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  • Writer's pictureThe Collected Seed

ICAW | International Compost Awareness Week

Updated: May 29, 2019

While composting may seem like a contemporary entry into the sustainable gardening dialog, the science to support it actually dates back a century or more. This long history might make it seem peculiar that an awareness week to promote compost use and composting is necessary. However, despite its long heritage and proven benefits, composting remains absent in many gardens and municipal waste programs.

Home composting offers an array of benefits to gardeners, most notably offering a significant cost savings over bagged amendments and synthetic or organic fertilizers. Compost can easily be made with materials that would have otherwise been destined for the garbage can or recycle bin, including newspapers, cardboard, grass clippings, leaves, vegetable scraps and coffee grounds.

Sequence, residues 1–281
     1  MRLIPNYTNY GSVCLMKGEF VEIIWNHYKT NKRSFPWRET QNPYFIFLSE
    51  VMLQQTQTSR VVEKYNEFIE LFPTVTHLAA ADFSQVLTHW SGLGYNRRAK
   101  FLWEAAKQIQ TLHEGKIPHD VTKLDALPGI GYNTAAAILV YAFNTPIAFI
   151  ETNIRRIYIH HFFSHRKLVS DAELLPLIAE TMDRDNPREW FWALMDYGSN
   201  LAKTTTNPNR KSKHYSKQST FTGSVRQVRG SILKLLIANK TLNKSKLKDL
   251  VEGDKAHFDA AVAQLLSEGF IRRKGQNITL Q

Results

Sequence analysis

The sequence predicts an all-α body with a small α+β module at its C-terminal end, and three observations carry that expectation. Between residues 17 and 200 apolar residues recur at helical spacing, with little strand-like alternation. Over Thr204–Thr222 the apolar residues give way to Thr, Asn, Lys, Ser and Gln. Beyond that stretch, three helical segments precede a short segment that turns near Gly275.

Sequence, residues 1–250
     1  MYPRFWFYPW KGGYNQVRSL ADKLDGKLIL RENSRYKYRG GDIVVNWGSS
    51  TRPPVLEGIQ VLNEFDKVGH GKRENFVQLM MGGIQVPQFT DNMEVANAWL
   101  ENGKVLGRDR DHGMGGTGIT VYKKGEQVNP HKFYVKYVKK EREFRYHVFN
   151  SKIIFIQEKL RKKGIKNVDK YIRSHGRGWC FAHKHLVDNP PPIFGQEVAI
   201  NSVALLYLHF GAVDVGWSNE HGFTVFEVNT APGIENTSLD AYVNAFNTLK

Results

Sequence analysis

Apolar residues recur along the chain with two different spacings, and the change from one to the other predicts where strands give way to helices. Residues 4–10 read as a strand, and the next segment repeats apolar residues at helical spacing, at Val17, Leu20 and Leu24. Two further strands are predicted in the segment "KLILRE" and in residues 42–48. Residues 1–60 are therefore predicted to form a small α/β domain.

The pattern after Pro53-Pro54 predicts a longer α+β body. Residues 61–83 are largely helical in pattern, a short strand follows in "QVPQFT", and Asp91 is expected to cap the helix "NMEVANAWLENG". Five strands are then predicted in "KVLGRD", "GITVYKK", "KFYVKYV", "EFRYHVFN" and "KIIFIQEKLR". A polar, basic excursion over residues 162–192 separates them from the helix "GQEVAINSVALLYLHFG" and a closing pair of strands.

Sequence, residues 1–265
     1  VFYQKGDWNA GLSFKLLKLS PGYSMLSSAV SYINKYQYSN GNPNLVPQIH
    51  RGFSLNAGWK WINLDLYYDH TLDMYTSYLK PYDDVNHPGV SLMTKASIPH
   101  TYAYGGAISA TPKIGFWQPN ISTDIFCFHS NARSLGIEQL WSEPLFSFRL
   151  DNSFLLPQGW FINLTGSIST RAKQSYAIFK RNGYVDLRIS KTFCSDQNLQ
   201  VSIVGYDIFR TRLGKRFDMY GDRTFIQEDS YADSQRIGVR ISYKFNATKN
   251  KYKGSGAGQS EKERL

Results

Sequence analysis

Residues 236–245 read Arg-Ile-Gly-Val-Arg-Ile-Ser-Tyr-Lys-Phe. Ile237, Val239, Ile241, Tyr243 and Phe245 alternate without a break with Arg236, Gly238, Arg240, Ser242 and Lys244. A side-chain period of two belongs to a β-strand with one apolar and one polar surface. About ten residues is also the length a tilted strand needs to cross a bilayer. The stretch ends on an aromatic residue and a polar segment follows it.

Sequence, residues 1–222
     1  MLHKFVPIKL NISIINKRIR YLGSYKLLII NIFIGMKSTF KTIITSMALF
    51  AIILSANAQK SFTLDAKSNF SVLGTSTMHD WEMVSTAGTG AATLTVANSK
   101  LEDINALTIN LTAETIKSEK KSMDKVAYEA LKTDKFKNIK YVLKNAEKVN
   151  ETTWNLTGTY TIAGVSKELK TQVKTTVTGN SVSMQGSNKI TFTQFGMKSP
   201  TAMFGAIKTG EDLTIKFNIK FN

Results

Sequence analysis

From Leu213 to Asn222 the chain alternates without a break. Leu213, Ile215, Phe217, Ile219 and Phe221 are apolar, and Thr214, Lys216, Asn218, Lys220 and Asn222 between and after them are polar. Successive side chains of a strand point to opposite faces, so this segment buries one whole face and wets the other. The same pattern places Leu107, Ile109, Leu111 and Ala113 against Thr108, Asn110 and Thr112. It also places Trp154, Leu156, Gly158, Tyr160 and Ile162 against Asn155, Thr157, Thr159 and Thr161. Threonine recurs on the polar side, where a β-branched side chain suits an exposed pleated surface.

Sometimes referred to a "black gold," compost is the end product of combining nitrogen-rich and carbon-rich materials. The following benefits explain why many gardeners believe compost is worth its weight in gold:

  • Adds organic material to the soil

  • Helps maintain healthy plant growth

  • Provide nutrients necessary for healthy plant growth

  • Breaks up clay soil and improves its drainage

  • Improves the structure of sandy soils

  • Helps prevent erosion

  • Draws earthworms to your garden

  • Reduces the need for water

  • Lowers the amount of waste sent to landfills

  • Can reduce storm water runoff

International Compost Awareness Week (ICAW) has been observed during the first week of May since its inception in 1995. The annual celebration is managed by the Composting Council Research and Education Foundation, the philanthropic arm of the US Composting Council.

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